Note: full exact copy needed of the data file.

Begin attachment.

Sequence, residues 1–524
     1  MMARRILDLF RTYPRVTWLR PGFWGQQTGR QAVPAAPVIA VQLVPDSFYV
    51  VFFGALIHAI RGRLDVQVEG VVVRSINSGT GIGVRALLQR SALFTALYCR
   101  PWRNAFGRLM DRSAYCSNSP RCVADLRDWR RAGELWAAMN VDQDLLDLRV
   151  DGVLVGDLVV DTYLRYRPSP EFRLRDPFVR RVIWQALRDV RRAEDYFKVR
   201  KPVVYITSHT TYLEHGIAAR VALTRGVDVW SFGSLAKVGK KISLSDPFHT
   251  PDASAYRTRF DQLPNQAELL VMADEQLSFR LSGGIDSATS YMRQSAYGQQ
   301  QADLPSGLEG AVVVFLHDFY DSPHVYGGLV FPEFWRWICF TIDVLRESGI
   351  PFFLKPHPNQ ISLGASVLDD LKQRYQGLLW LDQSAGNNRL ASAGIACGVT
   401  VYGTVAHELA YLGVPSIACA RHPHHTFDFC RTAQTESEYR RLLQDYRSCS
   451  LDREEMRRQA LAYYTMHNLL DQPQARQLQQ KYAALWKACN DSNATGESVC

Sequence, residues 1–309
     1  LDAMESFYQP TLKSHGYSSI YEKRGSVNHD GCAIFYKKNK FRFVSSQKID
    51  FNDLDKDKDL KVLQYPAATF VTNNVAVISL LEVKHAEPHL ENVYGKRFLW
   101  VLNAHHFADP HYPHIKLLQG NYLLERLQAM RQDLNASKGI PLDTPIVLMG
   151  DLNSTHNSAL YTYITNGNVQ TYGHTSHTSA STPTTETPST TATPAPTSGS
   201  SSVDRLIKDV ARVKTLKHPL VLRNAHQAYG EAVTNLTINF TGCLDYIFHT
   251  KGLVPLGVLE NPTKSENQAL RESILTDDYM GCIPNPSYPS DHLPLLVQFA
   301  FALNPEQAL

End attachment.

Sequence, residues 1–524
     1  MMARRILDLF RTYPRVTWLR PGFWGQQTGR QAVPAAPVIA VQLVPDSFYV
    51  VFFGALIHAI RGRLDVQVEG VVVRSINSGT GIGVRALLQR SALFTALYCR
   101  PWRNAFGRLM DRSAYCSNSP RCVADLRDWR RAGELWAAMN VDQDLLDLRV
   151  DGVLVGDLVV DTYLRYRPSP EFRLRDPFVR RVIWQALRDV RRAEDYFKVR
   201  KPVVYITSHT TYLEHGIAAR VALTRGVDVW SFGSLAKVGK KISLSDPFHT
   251  PDASAYRTRF DQLPNQAELL VMADEQLSFR LSGGIDSATS YMRQSAYGQQ
   301  QADLPSGLEG AVVVFLHDFY DSPHVYGGLV FPEFWRWICF TIDVLRESGI
   351  PFFLKPHPNQ ISLGASVLDD LKQRYQGLLW LDQSAGNNRL ASAGIACGVT
   401  VYGTVAHELA YLGVPSIACA RHPHHTFDFC RTAQTESEYR RLLQDYRSCS
   451  LDREEMRRQA LAYYTMHNLL DQPQARQLQQ KYAALWKACN DSNATGESVC

Sequence, residues 1–309
     1  LDAMESFYQP TLKSHGYSSI YEKRGSVNHD GCAIFYKKNK FRFVSSQKID
    51  FNDLDKDKDL KVLQYPAATF VTNNVAVISL LEVKHAEPHL ENVYGKRFLW
   101  VLNAHHFADP HYPHIKLLQG NYLLERLQAM RQDLNASKGI PLDTPIVLMG
   151  DLNSTHNSAL YTYITNGNVQ TYGHTSHTSA STPTTETPST TATPAPTSGS
   201  SSVDRLIKDV ARVKTLKHPL VLRNAHQAYG EAVTNLTINF TGCLDYIFHT
   251  KGLVPLGVLE NPTKSENQAL RESILTDDYM GCIPNPSYPS DHLPLLVQFA
   301  FALNPEQAL